For the first time, the Federation of Synagogues has supervised sets of arba minim (lulav and etrog) for Succot.
The head of the Federation Beth Din, Dayan Yisroel Lichtenstein, travelled to Morocco recently with an inspector to examine etrogim and myrtle leaves.
"I was approached by a religious family called Tidghi," he said. "They live in France although part of the family still lives in Morocco, in Agadia, on the coast, and they are in the business of supplying etrogim."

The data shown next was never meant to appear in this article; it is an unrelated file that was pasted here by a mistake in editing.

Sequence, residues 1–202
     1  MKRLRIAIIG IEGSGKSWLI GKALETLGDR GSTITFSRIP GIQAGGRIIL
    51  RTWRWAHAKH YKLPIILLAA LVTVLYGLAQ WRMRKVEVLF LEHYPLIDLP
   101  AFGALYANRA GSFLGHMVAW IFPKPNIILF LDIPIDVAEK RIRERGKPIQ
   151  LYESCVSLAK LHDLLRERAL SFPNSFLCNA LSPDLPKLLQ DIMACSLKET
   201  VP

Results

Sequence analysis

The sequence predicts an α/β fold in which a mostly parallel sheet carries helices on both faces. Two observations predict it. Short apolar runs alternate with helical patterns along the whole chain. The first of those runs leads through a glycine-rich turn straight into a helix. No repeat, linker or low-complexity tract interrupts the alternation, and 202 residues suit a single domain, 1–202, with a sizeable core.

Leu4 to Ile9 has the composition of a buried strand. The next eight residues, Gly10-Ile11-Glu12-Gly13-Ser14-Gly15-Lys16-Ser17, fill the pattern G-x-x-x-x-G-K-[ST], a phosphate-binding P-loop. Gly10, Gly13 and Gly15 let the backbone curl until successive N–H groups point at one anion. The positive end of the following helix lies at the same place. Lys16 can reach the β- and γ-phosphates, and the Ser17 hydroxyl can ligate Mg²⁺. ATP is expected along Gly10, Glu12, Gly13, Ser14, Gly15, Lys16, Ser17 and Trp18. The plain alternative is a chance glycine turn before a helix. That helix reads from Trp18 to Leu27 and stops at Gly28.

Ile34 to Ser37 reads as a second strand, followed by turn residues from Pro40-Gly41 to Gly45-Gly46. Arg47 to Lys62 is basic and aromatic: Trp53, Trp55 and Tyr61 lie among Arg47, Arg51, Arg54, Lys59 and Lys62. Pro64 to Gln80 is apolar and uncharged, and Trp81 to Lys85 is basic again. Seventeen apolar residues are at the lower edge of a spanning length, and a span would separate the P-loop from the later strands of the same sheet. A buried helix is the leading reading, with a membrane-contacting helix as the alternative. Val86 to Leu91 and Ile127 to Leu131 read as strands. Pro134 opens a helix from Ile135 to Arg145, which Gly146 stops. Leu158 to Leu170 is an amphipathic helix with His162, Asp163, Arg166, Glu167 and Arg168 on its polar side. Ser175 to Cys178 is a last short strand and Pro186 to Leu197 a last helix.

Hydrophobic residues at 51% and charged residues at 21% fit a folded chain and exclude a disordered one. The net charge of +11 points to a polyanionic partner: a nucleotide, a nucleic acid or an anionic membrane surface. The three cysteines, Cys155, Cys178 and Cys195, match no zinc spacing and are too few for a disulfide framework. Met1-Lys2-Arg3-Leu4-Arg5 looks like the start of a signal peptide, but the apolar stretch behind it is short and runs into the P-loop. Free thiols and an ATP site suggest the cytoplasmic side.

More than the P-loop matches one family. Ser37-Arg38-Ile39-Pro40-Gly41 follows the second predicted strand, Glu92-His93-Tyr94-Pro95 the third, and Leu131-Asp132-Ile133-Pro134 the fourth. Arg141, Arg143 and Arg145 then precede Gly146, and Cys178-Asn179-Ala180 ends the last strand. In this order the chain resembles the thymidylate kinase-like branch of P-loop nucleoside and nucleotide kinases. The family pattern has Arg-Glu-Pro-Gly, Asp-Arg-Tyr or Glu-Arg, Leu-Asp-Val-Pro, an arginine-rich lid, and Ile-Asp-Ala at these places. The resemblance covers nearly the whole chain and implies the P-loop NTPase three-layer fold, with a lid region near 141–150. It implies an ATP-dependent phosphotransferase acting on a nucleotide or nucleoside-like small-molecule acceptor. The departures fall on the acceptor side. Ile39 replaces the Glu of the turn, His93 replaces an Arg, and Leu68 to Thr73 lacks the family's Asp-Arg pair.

As well as the etrogim, cultivated from stock that originally grew wild in the mountains, they have added myrtles to their repertoire.
"One of the beauties of Moroccan etrogim," the dayan explained, "is that there is no grafting go on. A lemon and an etrog are easily married, but you can't use a hybrid for Succot."